Healthcare providers need to ensure their IT and digital interfaces “speak” to each other, avoiding the need for multiple logins or handoffs between different IT systems to enable both staff and patients to utilise different outpatient models based on need.
Equally important is having a clearly defined and resourced digital strategy that makes the best use of digital technologies but not at the expense of high-quality patient care and outcomes. To increase the adoption and success of digital enabled outpatient services, there are four things Trusts can do:
- harness the enthusiasm of early adopters – create change champions who can give real examples of the positive impact on their patient care.
- make the change easy for staff and patients – through co-design by understanding and removing/mitigating any potential barriers to adoption.
- increase the capability of digital technology – through investment where required, based on user feedback.
- continuously review and share success – through clear definition and quantification of KPIs, such as patient experience scores and impact on patient outcomes.
Transforming outpatients cannot be done in isolation. New models of care need to be joined up with the entire patient pathway and balance the needs, wants and requirements of each individual patient. But one size will not fit all and some models will be more applicable to some specialties than others. For example, asthmatic patients who can remotely check and record their peak flow and respond to patient-reported outcomes digitally will not necessarily require an appointment immediately. This approach, as an example, serves to avoid unnecessary outpatient appointments which can positively impact their health and wellbeing when attempting to integrate this into busy social and working lives.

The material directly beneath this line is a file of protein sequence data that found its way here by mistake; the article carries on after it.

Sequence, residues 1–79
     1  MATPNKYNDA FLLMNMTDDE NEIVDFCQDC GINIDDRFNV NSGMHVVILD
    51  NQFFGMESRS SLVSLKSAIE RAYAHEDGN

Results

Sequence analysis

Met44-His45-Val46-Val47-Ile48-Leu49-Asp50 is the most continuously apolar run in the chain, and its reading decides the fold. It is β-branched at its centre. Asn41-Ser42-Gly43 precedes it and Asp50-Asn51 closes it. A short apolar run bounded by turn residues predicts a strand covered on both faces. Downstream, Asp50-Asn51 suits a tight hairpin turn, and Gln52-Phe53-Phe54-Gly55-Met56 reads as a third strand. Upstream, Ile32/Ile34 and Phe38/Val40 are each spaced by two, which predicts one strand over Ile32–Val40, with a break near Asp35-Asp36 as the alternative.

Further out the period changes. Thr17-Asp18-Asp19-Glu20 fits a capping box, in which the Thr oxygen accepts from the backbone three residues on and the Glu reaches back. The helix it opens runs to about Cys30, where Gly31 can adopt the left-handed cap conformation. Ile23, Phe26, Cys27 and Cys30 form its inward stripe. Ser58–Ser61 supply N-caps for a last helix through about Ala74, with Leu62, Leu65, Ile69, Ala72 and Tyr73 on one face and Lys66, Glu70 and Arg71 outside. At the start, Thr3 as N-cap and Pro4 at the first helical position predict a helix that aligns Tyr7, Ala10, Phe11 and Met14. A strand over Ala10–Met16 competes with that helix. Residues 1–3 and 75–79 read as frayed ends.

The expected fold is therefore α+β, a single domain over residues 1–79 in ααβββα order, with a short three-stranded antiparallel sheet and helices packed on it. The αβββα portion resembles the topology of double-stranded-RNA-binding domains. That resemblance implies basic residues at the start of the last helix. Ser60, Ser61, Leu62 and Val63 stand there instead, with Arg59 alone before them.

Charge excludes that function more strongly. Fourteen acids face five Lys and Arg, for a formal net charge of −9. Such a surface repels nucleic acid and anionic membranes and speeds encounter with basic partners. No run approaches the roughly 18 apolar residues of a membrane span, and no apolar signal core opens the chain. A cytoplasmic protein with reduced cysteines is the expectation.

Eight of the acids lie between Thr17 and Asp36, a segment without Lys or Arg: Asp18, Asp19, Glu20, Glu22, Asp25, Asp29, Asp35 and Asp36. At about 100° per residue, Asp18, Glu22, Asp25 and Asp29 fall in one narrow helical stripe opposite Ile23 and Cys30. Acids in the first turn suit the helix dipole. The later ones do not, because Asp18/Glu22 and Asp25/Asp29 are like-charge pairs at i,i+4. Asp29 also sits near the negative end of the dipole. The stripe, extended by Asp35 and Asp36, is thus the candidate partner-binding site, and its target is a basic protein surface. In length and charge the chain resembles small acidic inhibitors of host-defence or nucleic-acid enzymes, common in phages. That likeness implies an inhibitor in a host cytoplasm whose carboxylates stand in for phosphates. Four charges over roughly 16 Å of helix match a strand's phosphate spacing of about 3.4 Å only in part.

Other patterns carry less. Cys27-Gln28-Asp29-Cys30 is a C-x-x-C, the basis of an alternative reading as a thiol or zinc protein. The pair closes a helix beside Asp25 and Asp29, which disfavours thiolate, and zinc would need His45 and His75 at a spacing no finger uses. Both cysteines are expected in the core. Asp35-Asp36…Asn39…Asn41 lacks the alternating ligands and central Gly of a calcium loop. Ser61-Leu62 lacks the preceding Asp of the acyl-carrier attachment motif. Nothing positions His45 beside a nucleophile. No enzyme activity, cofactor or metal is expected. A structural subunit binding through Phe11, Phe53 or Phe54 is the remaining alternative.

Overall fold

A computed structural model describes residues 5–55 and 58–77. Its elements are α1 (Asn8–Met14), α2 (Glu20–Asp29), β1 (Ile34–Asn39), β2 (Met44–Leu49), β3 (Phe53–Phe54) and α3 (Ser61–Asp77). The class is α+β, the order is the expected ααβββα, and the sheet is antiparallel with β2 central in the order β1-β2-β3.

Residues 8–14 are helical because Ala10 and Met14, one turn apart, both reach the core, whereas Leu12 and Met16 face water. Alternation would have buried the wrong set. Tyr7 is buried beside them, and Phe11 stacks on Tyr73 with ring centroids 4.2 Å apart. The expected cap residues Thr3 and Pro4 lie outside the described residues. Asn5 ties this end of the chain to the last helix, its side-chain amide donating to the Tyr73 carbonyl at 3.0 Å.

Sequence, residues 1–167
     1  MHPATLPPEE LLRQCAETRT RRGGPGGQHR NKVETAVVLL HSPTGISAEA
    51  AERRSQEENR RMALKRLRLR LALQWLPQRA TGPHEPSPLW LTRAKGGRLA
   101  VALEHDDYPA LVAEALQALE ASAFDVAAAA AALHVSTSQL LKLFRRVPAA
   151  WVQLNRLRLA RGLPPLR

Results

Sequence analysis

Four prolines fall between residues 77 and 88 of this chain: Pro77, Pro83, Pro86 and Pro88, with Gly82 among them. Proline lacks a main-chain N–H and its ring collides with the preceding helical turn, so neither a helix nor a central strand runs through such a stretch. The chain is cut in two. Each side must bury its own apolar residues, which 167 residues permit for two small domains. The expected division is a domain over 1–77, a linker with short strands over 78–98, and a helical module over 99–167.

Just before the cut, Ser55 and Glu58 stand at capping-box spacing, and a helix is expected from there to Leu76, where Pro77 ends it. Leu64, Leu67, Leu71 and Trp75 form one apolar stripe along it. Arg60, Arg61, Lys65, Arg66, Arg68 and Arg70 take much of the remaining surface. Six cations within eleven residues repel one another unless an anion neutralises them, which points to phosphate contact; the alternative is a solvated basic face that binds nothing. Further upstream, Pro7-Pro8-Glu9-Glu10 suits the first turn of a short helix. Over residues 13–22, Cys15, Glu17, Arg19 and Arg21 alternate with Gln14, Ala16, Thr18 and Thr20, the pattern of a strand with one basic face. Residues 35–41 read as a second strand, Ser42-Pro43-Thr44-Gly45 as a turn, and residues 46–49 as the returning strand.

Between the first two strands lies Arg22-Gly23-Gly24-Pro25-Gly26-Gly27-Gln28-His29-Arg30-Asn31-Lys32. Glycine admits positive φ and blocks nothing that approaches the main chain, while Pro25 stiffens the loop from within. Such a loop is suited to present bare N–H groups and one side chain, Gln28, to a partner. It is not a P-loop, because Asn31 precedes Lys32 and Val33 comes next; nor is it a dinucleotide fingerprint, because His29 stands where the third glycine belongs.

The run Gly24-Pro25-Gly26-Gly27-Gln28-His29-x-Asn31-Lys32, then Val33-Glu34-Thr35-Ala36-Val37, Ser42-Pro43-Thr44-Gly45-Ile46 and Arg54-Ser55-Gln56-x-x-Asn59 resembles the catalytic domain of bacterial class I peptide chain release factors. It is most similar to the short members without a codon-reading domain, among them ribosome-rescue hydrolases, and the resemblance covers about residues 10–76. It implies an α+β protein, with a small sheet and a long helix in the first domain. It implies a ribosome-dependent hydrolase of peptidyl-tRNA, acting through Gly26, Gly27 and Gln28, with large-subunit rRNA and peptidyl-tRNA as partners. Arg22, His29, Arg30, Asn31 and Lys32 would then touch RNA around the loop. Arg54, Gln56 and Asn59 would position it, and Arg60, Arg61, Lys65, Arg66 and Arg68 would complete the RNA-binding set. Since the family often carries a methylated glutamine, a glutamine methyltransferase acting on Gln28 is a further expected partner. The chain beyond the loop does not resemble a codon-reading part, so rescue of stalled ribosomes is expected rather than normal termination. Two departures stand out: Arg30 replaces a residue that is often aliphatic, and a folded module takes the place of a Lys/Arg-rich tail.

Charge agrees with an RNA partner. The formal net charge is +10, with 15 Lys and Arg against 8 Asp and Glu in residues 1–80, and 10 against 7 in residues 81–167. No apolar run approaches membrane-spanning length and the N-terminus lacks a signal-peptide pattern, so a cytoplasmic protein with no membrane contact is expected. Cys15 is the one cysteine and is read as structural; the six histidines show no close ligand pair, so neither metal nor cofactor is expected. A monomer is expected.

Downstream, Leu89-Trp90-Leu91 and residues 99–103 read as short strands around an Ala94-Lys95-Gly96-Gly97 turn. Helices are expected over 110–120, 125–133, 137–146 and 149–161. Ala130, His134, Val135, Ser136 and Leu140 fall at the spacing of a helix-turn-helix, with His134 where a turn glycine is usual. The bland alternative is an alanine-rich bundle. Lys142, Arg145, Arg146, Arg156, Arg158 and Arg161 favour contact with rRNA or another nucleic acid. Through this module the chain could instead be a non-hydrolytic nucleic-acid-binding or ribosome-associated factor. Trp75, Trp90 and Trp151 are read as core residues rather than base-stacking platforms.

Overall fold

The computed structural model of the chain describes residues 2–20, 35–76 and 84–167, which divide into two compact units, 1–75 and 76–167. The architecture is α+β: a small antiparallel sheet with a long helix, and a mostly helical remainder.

Digital solutions have a crucial role in the delivery of transformation in outpatient services. They need to be harnessed correctly to reduce potential unintended consequences such as a focus on digital first. For example, defaulting to a digital first appointment could contribute to a rise in follow-ups, and further add to the backlog challenge unless referrals are properly triaged.
Rethink Outpatients to Recover Elective Services
Although COVID-19 has disrupted elective services, it has also expedited several fundamental changes to the traditional model. Redesigning outpatient services will be a key driver of success to recover elective services. To be sustainable, the transformation needs to breakdown traditional barriers and optimise the patient’s experience and outcomes. Implementing value-adding pre-appointment processes and embedding clinical triage are two vital components to this – as is harnessing digital technologies and solutions to enable change to happen. Without rethinking how to deliver the broader services during this critical time, the same cyclical changes will continue and prolong the much needed recovery in elective care.
Conflict of Interest